Information and Tourism

Oklahoma flagOklahoma is a southern US state that offers typical southern state hospitality. It is hard to disentangle the real state from the one portrayed in a certain smash-hit 1940s' musical by Rodgers and Hammerstein, in which cowboy Curly McLain has a fine romance with a beautiful Oklahoman farm girl. Putting such rural idyll to one side, today, over half the state's residents - known familiarly as 'Okies', live in cities such as Oklahoma City or Tulsa.

The state of Oklahoma forms part of the Bible Belt, an area that is closely associated with a conservative brand of Christianity, founded in particular on Evangelical Protestantism. In fact, Tulsa, is known as one of the 'buckles of the Bible Belt'.

The name Oklahoma is Choctaw for 'red people'. Today, the state still has the largest Native American population of any US state. It is home to 39 federally recognized Native American nations, and more than 25 Native American languages are spoken here. Annual powwows and ceremonial events are still a common sight.

Forests and lakes cover a vast area. A network of state parks and protected regions help to conserve the wildlife and natural resources of the state. Interestingly, it has the largest protected area of tallgrass prairie in the world. Through it runs Route 66, the infamous highway that you can't help but associate with life-changing road trips.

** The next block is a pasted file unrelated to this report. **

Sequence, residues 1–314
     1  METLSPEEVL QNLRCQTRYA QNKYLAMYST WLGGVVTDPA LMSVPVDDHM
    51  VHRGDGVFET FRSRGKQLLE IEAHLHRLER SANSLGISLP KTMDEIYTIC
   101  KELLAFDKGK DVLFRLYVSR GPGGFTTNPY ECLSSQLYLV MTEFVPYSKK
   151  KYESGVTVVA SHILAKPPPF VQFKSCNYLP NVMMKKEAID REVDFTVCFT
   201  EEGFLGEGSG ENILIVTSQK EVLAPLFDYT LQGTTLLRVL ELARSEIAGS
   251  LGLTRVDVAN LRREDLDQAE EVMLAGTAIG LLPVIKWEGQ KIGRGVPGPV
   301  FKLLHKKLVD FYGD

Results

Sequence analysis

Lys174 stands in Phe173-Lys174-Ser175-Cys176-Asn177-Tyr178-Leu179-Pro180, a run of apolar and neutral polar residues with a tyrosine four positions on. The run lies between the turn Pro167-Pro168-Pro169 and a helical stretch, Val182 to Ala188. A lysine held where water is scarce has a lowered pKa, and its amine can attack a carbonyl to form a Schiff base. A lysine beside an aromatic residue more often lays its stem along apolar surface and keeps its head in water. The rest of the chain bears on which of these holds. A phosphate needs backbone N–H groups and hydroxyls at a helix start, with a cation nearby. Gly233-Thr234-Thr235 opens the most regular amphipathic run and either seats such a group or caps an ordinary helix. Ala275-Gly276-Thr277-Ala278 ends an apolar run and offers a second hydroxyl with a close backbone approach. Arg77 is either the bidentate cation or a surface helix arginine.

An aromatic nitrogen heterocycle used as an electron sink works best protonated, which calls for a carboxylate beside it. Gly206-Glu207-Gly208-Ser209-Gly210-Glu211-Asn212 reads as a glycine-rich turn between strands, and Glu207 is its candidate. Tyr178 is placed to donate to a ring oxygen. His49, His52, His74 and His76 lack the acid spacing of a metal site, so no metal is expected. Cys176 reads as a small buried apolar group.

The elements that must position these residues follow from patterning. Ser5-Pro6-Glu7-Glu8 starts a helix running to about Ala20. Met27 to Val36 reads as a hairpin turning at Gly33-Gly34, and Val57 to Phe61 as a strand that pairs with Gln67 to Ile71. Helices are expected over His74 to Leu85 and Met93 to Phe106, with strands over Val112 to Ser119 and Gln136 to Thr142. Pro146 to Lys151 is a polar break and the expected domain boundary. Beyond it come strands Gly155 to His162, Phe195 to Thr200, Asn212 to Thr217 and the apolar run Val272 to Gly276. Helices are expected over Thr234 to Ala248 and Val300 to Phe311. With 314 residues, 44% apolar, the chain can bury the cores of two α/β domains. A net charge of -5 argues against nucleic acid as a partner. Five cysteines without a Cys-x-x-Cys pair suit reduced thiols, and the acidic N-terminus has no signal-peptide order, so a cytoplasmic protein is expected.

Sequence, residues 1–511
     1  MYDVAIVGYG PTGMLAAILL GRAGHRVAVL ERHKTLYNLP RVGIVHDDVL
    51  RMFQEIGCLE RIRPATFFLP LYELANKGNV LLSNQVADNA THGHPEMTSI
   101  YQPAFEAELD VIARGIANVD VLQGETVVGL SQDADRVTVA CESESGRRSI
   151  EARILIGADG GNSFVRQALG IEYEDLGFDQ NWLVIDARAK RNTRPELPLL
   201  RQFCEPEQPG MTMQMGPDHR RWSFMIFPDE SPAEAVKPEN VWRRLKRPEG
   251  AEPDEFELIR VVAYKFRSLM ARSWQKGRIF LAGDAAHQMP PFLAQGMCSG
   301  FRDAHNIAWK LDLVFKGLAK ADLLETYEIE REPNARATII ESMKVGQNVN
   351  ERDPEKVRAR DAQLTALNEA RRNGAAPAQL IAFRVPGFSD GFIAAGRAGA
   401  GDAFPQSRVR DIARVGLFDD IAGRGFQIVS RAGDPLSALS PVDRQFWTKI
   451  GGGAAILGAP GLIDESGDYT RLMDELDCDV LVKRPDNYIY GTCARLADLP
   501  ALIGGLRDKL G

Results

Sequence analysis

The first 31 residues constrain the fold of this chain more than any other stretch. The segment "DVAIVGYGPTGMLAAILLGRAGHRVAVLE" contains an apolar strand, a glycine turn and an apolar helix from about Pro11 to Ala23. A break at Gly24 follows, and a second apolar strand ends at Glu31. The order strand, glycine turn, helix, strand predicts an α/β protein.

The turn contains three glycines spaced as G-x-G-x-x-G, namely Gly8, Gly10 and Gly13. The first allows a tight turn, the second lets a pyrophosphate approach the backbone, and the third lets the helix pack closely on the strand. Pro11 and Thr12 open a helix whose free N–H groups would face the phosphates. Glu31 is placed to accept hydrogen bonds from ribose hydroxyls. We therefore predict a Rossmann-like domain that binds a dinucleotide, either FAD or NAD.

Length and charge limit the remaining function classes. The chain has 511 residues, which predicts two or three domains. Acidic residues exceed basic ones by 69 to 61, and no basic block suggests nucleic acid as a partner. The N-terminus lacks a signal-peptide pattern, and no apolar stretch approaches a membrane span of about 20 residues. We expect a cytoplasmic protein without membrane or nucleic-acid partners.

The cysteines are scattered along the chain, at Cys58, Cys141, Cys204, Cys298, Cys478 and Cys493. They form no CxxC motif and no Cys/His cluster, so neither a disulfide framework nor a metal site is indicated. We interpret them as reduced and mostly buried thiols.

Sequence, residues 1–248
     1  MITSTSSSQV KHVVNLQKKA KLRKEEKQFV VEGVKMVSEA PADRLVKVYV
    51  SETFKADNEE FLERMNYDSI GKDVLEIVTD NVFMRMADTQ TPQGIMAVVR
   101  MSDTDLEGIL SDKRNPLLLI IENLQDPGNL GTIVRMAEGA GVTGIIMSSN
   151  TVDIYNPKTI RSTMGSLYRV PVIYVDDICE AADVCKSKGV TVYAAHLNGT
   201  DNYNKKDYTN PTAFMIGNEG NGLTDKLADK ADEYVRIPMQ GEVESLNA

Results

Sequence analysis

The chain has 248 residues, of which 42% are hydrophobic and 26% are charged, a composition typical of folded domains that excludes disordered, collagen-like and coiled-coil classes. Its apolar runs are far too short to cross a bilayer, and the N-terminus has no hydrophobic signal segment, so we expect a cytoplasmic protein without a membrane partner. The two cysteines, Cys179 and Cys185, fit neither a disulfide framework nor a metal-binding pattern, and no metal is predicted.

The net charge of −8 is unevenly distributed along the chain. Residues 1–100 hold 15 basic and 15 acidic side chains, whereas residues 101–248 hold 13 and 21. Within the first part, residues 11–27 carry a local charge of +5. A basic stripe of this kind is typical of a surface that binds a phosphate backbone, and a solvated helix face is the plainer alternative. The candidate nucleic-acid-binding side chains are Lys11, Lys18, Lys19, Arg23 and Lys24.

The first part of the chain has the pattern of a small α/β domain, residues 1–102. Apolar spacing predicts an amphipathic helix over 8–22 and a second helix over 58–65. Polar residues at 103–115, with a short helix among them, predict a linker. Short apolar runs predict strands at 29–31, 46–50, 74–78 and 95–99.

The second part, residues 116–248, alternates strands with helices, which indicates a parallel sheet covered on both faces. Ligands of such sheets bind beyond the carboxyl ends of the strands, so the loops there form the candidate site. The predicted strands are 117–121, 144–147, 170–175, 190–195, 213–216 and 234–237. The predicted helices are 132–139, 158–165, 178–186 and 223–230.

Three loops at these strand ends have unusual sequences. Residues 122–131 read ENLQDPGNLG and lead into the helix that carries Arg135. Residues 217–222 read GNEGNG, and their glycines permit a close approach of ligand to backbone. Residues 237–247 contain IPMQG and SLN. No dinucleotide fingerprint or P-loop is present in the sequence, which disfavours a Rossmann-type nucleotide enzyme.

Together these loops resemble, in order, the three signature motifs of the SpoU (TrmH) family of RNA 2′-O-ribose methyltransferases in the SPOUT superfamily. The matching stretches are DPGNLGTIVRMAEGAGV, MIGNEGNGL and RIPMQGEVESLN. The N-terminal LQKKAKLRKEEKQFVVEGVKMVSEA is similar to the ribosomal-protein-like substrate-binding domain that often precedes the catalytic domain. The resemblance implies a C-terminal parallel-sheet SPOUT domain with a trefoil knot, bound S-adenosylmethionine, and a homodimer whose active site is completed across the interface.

Back in the 1960s, Tulsa was known as the 'Oil Capital of the World'. It is a nickname that is sometimes used today, although more from a sense of nostalgia than anything else. That said, Oklahoma is still one of the top producers of natural gas and crude oil in the US.

Oklahoma Information and Fast Facts

World Guide to Oklahoma City, OK, USA
Oklahoma City, the largest city Oklahoma (OK) state, became the capital in 1910. The city contains countless must-see attractions, including the National Cowboy and Western Heritage Museum and an enormous Native American festival.
World Guide to Tulsa, OK, USA
Tulsa is situated in Oklahoma (OK), on the northeastern side of the state, adjacent to the scenic Arkansas River. The second-largest city in Oklahoma, Tulsa is a charming city, full of 1920s Art-Deco architecture and stylish buildings.

Map of Oklahoma

Oklahoma OK State Map